Wisconsin elk hunt shelved due to limited recovery

After reviewing all available information on Wisconsin elk, state wildlife officials and several key partners recently agreed that the elk herd has not grown to a sufficient size to support a hunt this year.
The Department of Natural Resources recently hired a deer and elk research scientist who provided a full analysis of 18 years of elk information, from their reintroduction to now, to develop a long-term population estimating model. This model, along with input from other wildlife experts, tribes, and partner groups led to the decision to postpone Wisconsin’s first elk hunt.
“There are many positive and exciting things happening in the elk program that we believe will help the herd continue to increase,” said Kevin Wallenfang, big game ecologist who heads up the elk management program for the DNR. “The long-term success of the herd is the priority. But we realize this decision will be a disappointment for those hopeful that this would be the year for the first hunt.”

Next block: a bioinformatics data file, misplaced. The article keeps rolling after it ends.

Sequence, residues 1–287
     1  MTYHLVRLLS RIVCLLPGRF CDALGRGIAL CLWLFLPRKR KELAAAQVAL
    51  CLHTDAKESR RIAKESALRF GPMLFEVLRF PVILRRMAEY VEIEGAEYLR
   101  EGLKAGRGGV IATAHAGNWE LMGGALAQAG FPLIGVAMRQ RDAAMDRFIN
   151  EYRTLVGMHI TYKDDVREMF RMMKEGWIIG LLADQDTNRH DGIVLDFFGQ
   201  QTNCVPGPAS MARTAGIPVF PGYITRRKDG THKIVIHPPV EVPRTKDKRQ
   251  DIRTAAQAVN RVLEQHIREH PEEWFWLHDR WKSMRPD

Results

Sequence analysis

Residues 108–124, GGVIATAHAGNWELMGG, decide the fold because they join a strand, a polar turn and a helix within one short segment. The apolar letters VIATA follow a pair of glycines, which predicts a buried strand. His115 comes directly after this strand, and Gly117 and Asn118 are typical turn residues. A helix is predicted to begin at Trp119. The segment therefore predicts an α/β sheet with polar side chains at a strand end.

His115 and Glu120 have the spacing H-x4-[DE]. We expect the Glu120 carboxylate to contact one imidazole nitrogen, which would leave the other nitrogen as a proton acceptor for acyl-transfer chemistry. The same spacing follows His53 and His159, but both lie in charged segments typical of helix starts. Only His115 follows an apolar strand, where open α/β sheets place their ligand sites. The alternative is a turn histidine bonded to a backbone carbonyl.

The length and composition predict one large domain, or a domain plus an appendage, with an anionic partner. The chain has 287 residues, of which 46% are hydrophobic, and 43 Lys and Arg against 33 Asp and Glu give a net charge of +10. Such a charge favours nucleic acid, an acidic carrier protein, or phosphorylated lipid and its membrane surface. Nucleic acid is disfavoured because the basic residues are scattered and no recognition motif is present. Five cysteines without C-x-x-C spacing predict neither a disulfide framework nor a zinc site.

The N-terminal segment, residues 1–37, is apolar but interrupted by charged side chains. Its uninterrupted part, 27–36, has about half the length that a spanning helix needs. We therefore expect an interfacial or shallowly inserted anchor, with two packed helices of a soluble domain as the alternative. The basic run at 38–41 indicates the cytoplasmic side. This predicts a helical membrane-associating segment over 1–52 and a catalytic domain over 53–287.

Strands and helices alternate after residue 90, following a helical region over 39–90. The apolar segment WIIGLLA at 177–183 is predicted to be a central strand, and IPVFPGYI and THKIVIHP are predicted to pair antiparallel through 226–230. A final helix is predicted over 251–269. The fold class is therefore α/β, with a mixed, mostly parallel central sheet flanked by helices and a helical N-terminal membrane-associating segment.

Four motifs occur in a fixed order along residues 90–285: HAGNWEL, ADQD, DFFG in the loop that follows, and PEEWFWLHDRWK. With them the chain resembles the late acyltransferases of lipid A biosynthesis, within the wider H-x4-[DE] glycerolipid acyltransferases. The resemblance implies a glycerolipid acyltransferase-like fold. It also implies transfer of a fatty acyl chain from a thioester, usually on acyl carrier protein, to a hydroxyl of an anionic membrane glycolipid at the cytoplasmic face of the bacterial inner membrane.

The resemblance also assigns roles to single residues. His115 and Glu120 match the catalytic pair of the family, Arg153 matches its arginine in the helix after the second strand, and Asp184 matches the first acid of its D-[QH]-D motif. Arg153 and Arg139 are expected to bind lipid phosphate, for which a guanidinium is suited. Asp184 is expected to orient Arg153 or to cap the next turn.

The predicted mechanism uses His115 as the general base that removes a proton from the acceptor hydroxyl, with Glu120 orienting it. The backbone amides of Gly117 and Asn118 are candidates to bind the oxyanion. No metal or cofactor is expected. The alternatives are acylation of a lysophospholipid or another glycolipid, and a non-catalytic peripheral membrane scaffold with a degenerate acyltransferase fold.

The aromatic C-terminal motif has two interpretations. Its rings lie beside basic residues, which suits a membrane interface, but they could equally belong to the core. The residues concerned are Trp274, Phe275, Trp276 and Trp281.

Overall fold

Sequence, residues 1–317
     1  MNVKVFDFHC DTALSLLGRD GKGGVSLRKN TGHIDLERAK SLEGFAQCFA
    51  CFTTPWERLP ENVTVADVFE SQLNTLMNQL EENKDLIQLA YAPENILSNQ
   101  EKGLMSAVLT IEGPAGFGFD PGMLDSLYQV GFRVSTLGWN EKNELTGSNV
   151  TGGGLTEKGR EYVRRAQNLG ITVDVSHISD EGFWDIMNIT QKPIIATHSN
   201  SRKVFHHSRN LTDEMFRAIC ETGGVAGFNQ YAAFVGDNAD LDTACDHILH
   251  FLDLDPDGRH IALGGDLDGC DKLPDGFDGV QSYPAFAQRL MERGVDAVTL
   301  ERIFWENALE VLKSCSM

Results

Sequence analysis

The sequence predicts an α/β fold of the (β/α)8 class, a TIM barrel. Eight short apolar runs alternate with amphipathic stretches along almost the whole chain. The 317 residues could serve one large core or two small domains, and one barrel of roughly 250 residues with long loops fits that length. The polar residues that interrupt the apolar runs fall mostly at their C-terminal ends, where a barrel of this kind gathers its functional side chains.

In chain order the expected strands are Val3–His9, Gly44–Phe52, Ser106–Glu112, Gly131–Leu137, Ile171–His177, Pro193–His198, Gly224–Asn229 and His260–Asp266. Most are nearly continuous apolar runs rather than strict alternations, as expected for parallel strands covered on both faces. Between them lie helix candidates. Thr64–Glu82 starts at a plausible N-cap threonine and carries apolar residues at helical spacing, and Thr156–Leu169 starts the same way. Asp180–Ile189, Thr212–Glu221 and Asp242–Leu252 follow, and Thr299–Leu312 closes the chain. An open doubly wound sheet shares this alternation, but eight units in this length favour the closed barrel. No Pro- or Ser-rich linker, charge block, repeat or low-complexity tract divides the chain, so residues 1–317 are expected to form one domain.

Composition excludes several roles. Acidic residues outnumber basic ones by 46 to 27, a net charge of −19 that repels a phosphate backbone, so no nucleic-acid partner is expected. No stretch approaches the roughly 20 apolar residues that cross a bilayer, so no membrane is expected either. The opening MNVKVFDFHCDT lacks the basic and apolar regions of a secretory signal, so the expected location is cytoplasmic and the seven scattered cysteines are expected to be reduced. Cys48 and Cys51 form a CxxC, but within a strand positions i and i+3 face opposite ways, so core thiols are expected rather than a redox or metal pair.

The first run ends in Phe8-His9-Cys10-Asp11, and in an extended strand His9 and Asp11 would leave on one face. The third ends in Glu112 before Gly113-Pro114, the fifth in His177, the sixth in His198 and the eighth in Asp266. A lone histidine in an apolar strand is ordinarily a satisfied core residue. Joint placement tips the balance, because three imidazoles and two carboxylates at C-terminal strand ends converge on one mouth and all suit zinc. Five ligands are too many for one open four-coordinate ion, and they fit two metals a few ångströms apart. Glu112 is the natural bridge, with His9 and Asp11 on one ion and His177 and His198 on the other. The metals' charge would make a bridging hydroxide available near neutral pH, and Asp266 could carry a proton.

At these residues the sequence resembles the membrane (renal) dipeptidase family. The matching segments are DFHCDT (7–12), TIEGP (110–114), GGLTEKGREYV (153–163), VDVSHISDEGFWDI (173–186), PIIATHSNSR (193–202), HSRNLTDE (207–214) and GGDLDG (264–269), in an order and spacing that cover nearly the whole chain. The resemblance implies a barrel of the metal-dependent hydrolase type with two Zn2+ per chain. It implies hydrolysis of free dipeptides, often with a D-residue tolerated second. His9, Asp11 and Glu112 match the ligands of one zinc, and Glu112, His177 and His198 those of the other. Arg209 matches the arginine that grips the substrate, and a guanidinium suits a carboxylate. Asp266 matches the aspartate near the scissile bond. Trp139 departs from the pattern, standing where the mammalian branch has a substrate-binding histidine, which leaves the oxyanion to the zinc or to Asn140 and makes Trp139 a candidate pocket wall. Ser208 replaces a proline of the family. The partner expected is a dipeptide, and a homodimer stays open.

According to state law, a Wisconsin elk hunt may not take place until the population surpasses 200 animals. Located near Clam Lake in Ashland County, the herd has seen moderate growth since the release of 25 elk in 1995.
“While we’d have liked to see a hunt finally happen, this does not affect other plans to help the herd prosper, which may include bringing in additional elk,” Wallenfang said. “We’ve already seen the many benefits that having elk creates, and hope to move ahead with expanding those benefits.”
As part of a recently revised elk management plan [PDF], the Natural Resources Board approved recommendations to bring additional wild animals into Wisconsin from a willing donor state. Those plans received strong public support and, if they come to fruition will help accelerate herd growth, spread animals across a wider area of their range, and start a second herd in Jackson County near Black River Falls.
“There remains strong public support for establishing wild elk in Wisconsin and our partners remain committed to the long-term success of the elk reintroduction program,” said Wallenfang.
For more information on elk in Wisconsin, please visit dnr.wi.gov and search keyword “elk” or contact Kevin Wallenfang, big game ecologist at 608-261-7589.

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